win that proved enough for Magnus to catch Wesley. 

From that point onwards,
Hikaru got back to playing at his usual blitz strength, scoring an impressive
5.5 in the next 7 games, but a loss to Nepo in the final round of the day
extinguished any outside hopes of fighting for the title.

Magnus would go on to win all five of his games with White,
though often he got a helping hand. 19-year-old Jeffery Xiong was close to a draw in Round 2, but instead of
playing 34…Rxe5! he played 34…Rf3?

Suddenly it’s over! 35.g5! Rh3 36.Rcc8! and Black can’t stop
mate on h8.

There was a back-story to Magnus’ first game of the day
with Black, since he tweeted:

That was trolling, but not of Harikrishna but of world no. 2 Fabiano Caruana, who had played 4…h6!?
earlier in the day in the Bundesliga and gone on to get crushed in style by
Erwin l’Ami.

For a glimpse of how the over-the-board action is going in
Germany, where the likes of Maxime Vachier-Lagrave, Levon Aronian and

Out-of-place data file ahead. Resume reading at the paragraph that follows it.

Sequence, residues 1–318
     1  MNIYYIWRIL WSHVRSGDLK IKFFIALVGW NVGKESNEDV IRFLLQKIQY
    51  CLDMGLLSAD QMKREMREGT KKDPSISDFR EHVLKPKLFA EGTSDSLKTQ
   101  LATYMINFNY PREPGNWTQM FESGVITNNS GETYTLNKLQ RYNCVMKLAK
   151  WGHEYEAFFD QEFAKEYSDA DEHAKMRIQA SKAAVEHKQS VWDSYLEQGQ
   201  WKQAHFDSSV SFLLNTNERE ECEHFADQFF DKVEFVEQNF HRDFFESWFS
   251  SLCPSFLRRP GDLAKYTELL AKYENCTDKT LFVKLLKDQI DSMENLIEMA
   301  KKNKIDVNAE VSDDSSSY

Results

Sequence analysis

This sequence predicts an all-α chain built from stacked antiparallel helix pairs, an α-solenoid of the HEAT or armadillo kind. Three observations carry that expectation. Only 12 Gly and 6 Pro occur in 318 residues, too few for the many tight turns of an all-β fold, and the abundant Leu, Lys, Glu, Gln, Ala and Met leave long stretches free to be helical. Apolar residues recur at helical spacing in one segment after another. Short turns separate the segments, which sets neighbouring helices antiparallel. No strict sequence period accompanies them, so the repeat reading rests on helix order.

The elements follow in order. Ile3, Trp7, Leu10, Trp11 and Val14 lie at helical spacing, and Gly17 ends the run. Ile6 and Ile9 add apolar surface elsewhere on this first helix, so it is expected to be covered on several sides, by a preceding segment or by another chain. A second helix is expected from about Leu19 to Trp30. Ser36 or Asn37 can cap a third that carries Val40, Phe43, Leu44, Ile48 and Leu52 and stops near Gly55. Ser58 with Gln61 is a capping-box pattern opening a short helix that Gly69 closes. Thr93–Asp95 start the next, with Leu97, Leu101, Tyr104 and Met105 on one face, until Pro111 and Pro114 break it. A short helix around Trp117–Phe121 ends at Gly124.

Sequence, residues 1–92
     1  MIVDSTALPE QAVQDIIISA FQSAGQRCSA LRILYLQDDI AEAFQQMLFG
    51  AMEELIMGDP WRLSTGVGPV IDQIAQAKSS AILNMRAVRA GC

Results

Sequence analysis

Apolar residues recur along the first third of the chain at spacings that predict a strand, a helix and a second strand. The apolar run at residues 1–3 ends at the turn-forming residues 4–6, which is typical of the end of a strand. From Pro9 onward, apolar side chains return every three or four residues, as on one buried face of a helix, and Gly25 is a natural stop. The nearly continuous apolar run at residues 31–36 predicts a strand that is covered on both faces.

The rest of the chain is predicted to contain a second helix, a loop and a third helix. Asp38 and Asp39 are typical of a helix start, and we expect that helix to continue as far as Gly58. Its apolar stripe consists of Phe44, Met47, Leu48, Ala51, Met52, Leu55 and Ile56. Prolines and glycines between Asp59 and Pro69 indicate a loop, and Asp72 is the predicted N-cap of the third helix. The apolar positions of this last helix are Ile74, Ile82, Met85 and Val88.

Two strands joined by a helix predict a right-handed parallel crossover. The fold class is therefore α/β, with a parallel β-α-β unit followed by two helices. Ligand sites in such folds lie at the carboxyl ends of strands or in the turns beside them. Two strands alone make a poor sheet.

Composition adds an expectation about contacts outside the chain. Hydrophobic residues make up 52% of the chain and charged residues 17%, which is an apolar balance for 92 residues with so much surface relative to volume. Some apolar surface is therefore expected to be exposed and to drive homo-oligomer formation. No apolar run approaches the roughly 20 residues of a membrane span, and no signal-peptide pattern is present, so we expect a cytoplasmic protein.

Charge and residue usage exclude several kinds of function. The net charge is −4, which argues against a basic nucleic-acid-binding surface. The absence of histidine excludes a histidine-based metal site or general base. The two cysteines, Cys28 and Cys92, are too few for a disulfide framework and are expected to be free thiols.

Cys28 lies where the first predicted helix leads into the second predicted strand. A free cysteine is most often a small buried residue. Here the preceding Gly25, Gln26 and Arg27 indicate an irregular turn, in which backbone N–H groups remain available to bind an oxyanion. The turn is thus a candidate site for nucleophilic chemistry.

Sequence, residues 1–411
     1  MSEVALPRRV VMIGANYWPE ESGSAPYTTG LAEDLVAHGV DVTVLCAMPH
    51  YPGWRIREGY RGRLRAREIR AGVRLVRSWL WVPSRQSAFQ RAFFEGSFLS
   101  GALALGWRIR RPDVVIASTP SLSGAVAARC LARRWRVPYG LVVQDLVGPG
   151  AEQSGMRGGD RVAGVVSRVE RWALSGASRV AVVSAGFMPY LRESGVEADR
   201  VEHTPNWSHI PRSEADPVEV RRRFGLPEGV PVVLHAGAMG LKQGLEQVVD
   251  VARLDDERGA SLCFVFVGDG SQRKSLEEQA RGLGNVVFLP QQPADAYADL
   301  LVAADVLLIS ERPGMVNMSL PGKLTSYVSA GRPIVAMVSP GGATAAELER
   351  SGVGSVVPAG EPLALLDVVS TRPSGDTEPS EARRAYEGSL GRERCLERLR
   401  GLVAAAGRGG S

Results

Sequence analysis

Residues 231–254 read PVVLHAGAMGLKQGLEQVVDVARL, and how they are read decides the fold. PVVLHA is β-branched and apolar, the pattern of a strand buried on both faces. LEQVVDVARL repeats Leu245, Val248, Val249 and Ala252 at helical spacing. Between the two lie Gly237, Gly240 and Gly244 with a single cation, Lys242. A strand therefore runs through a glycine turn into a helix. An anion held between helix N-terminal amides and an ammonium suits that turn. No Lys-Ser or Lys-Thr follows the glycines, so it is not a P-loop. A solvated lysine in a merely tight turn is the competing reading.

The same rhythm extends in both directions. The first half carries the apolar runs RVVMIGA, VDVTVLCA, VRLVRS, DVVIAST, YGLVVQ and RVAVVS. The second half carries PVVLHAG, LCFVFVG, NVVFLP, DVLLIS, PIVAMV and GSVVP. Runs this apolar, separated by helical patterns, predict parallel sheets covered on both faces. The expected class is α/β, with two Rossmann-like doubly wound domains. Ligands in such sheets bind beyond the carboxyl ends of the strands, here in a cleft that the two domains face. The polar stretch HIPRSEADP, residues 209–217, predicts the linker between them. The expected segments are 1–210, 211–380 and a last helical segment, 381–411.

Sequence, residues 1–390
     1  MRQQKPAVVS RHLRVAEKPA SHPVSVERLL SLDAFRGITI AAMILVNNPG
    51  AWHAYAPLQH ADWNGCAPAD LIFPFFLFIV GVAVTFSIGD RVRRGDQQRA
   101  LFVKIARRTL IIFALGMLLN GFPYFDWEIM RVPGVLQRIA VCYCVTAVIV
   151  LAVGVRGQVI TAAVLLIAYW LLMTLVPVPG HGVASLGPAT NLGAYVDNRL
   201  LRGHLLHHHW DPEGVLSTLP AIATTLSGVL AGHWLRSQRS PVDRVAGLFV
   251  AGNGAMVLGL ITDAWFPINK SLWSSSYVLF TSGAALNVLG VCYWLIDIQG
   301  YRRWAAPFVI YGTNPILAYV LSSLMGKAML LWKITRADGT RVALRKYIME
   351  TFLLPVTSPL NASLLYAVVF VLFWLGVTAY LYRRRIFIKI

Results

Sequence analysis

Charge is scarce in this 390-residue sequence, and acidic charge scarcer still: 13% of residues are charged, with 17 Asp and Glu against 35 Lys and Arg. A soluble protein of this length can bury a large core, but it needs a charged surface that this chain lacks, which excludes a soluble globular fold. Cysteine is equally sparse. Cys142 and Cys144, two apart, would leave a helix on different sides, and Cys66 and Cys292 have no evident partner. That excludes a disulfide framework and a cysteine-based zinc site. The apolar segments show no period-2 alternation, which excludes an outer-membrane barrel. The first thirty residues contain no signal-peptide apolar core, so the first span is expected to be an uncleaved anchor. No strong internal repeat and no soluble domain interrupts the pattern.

Shakhriyar Mamedyarov are also in action, check out this video.

Back online, however, Harikrishna sidestepped whatever was
awaiting him by playing 1.e4… and going on to win two pawns and, more or less smoothly,
the game! As we’ll see, Magnus would suffer with the black pieces all day.

First, however, Magnus had White against Levon Aronian. He refuted a pawn grab
by the Armenian no. 1 and won a piece, but just when it looked as though he
would go on to win easily he completely lost control of the situation.

After 56…Rg8! here the computer tells us Levon has a crushing
advantage, but after 56…Re8!? 57.Bxh4 g2? (57…Rg8!) 58.Kg1 e3 59.Rd1+, and
taking on d6, the once proud black pawns began to fall. Having flirted with
disaster, Magnus went on to win in 80 moves!

It was a tough day for Levon, who won his first game against
Alireza Firouzja then lost three, including a
bizarre blunder against Nakamura
, where he simply put his queen on a square
attacked by Hikaru’s knight and resigned on move 20.

Ian Nepomniachtchi
became the only player to beat Magnus twice so far in the St. Louis Rapid and
Blitz. His win in rapid was mainly down to the World Champion’s internet
connection failing, but in blitz it was all about 1.b3. Nepo played that move
in all five of his games with White, also beating Leinier Dominguez and mating